My first introduction to autism was a rather jarring one. It was my first day on my child psychiatry rotation. The Department was in a house on the University Hospitals campus in Madison. As I approached the house I heard a very loud “thump! thump! thump! Sound, which literally rattled the rafters of the house.

Inside was a 12-year-old non-verbal, severely autistic girl banging her head on a school desk. She had a helmet on, but even that was not enough to muffle that awful sound.

It occurred to me then that somewhere inside that girl, troubled as she was, had to be some “island of intactness,” some uninjured element of reality and wellness, however hidden and deeply buried.

After my residency training I was given the responsibility of starting a Children’s Unit at Winnebago Mental Health Institute near Oshkosh, Wisconsin. There were nearly 800 patients at Winnebago at that time and about 25 of them were age 18 or younger. We gathered them together and started the unit. We hired a staff and started a school.

As I looked at those 25 patients, some severely affected, I was reminded of the girl with the helmet. It seemed to me then, as it does now many years later, that somewhere in these patients, often deeply hidden and buried, is that still uninjured “island of intactness.” Our task, and opportunity, is to find that hidden spark of wellness. Having discovered it, we need to tend it, love it nourish it, reward it, strengthen it and celebrate it. As we do that, the sliver of un-impairment expands and with it comes improved language, socialization and daily living skills. That results in more independence eventually.

Sometimes, although certainly not always, that bit of intactness is an “island of genius.” We call that savant syndrome and I have had the privilege of meeting a number of these extraordinary people. More often, the island of intactness is less spectacular, but nonetheless a valuable discovery.

There are a number of approaches to children with autism these days—Applied Behavioral Analysis (ABA); Son Rise; Rapid Prompting Method (RPM); Early Start Denver Model, to name a few. But embedded in all of them, in my view, is the same, corresponding search for, and then promotion of, the island of intactness. Those methods may use varying techniques—reward, play, relationship building, conversation, socialization, role playing etc.—but the goal of all of them is to discover, engage and grow that sliver toward recovery.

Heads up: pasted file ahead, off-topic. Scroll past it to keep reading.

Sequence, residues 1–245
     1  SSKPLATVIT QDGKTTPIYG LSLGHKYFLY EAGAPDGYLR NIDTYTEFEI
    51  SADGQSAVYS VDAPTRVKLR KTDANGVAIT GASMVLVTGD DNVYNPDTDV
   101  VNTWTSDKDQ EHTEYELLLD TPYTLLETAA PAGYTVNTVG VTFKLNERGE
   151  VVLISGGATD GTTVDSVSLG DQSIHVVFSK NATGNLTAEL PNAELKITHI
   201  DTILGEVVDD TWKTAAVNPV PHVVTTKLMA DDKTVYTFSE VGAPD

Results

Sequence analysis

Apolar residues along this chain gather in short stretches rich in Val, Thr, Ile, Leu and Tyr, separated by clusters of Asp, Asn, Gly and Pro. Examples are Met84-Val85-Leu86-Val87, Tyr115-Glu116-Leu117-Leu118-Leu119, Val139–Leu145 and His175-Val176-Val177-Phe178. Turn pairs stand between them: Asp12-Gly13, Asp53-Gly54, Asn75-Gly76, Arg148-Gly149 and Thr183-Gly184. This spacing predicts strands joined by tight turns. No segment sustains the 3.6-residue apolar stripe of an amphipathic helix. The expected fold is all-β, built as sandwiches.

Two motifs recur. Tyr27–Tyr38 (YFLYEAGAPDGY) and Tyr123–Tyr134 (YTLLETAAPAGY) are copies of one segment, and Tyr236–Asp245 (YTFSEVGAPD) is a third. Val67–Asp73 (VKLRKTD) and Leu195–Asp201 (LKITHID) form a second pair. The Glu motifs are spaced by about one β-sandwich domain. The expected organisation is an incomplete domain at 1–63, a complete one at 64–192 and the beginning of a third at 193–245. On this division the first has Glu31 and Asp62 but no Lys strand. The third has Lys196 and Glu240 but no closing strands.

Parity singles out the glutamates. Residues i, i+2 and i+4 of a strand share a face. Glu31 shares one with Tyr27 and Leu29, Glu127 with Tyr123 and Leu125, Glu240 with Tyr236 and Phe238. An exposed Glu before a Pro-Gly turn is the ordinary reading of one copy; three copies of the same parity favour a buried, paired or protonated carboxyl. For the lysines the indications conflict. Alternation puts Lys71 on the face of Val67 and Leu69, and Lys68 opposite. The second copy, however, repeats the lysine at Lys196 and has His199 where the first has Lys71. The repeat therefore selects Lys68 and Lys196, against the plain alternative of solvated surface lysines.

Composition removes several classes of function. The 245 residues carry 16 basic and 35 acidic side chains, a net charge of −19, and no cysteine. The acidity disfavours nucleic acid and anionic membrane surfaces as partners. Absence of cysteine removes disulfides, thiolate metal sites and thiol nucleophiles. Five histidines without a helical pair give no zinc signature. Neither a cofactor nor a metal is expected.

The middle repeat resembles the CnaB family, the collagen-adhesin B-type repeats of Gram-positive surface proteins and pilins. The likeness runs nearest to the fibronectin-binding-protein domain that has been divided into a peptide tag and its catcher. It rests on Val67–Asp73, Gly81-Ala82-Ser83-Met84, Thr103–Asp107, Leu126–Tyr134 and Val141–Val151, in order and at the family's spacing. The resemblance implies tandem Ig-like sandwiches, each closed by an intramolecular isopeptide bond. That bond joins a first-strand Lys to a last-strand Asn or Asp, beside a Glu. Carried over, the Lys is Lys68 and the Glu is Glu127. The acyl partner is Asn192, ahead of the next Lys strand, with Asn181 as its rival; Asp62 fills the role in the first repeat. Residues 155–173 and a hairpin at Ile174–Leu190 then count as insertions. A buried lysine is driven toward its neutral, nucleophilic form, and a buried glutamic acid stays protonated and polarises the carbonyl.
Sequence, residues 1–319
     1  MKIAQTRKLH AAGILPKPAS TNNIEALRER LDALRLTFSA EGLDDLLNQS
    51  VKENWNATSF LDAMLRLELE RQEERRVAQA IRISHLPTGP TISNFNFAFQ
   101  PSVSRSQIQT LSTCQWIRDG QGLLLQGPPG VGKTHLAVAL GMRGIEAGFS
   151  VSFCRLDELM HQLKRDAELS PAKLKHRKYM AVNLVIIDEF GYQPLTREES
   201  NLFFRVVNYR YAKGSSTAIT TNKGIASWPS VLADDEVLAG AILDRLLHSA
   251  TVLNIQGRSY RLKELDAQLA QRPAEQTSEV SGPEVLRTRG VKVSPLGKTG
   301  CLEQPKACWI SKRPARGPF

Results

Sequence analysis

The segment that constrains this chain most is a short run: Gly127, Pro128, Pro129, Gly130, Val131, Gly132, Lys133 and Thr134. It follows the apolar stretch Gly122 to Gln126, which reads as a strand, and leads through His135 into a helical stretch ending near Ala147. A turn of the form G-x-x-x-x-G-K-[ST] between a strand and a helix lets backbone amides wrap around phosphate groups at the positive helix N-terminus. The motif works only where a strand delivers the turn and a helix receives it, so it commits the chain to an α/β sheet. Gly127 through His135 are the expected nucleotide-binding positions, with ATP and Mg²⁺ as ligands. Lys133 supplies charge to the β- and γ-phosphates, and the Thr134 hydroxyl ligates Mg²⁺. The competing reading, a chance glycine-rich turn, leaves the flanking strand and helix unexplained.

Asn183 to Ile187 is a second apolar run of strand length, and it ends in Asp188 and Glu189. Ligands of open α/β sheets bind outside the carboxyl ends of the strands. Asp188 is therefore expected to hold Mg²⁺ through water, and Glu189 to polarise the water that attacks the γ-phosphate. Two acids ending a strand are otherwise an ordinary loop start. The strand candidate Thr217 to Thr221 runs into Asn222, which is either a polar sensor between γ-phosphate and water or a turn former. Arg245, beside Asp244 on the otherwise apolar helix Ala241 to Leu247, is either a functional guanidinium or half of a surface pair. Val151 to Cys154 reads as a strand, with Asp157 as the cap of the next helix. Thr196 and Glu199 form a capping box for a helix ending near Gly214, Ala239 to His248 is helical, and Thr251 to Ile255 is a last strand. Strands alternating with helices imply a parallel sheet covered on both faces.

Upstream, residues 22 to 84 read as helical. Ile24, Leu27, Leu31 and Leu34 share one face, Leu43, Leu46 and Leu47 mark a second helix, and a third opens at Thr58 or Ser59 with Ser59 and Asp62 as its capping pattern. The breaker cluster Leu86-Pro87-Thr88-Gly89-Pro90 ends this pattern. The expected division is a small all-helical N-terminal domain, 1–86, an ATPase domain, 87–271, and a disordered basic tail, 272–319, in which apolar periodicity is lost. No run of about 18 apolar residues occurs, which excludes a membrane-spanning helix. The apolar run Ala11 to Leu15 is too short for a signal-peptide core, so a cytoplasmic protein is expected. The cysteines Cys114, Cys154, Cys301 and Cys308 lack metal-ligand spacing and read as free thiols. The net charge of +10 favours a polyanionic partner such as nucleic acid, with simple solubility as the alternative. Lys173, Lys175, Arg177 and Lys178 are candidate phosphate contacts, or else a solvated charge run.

It is this search for strengths, however hidden, that results in progress in treating autistic children. But that same principle of a search for the island of intactness applies in many other conditions as well. In the patient with Alzheimer’s disease, for example, we look for preserved memory or skills. So often, traces of musical memory remain, or maybe card playing ability or drawing. We seize on those and tend them, reward them, and celebrate them as a hook into their intactness as a way of interacting still, preserving abilities and even seeing some progress in preserving memory. The same principle applies in the depressed or psychotic patients: we seek to find that bit of reality and health still present, and build on it just as we do with an autistic youngster.

The island of intactness is found in many forms. In one of my Winnebago patients it was the ability to put jigsaw puzzles together, picture side down, just from the shapes of the pieces. Another patient was fascinated with prime numbers and other types of mathematic problems. In a number of other patients, the Ipad has released a torrent of “talk,” betraying the myth that children who are mute have nothing to say.

There are many, many other well known examples.

For Owen Suskind, whose father, Ron, made the movie about him called Life, Animated, the island of intactness was his passion for Disney movies, which he memorized by the dozens.

Another man, Stephen Wiltshire can draw an entire city, building by building and window by window after a 45-minute helicopter ride. Mute as a child, his first word was “paper.” An observant teacher gave him a piece of paper and crayons and his island of intactness, once tapped, unleashed his lifelong astonishing drawing ability. Now he has his own gallery in London.

As a very young child, Leslie Lemke would pluck out rhythms and primitive tunes on his bedsprings; his mother, May, got him a little piano. Now he composes his own pieces.

Ping Lian Yeak went shopping one day with his father He had some ice cream in a brightly colored paper wrapper. When he got home Ping Lian Yeak studied intently and then reproduced the intricate coloring on the wrapper. His mother recognized that spark of talent, trained it and now Ping Lian Yeak has his own gallery in Malaysia and will exhibit at the Agora Gallery in New York City in March, 2017.

The reward, from the therapist or Mom or Dad, can be a “good job” compliment, a high five, a tummy tickle, a ride in a wagon or a tasty treat. Success breeds success and the journey of discovery, expansion and transition is on.

The search for the island of intactness should always focus on strengths and abilities, not deficits or disabilities. Strength based, individualized approaches, whatever the method or name, once the island of intactness is found, work well with a wide variety of persons whatever the particular condition underlying. Watching those islands of intactness broaden over time, as a conduit of actualization, can give a deep sense of satisfaction for the therapist, whatever the method. But more importantly the improvement can be source of deep relief, and hope, for the patient and family.